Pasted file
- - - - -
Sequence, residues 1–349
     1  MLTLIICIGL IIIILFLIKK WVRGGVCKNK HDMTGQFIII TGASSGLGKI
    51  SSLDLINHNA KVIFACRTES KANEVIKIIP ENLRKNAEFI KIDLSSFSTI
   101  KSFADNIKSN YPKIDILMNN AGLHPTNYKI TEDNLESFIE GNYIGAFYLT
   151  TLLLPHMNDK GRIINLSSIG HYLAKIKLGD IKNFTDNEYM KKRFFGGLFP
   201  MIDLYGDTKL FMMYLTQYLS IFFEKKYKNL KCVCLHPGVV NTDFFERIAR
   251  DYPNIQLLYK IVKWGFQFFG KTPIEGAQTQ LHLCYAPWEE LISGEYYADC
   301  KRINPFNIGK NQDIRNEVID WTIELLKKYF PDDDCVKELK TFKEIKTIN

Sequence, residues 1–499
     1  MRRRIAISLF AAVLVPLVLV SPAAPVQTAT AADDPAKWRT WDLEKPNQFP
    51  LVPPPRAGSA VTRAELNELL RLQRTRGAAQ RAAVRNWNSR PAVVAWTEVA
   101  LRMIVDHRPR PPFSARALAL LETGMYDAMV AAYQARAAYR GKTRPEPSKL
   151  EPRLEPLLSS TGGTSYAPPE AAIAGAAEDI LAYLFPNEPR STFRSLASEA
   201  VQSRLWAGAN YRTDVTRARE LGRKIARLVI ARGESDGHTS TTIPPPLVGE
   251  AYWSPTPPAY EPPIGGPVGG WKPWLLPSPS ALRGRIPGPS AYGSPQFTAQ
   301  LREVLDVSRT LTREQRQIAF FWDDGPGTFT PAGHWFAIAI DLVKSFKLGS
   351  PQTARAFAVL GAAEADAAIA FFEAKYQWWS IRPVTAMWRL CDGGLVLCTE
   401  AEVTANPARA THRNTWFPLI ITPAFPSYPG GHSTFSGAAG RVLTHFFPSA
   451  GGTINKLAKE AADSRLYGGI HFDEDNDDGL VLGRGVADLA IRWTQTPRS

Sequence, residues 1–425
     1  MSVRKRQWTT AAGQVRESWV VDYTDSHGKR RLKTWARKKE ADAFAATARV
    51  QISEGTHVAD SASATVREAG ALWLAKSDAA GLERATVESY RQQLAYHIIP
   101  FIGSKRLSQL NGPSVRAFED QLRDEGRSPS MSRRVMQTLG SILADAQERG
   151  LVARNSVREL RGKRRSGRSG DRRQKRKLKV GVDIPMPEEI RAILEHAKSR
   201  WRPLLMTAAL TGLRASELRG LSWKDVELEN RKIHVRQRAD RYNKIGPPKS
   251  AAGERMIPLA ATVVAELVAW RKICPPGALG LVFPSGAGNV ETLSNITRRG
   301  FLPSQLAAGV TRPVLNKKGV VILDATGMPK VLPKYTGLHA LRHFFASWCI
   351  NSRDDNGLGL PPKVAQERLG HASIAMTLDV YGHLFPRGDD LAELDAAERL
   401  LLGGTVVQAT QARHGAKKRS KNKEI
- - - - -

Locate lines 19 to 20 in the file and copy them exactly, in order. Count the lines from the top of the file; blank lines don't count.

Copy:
   451  GGTINKLAKE AADSRLYGGI HFDEDNDDGL VLGRGVADLA IRWTQTPRS

Sequence, residues 1–425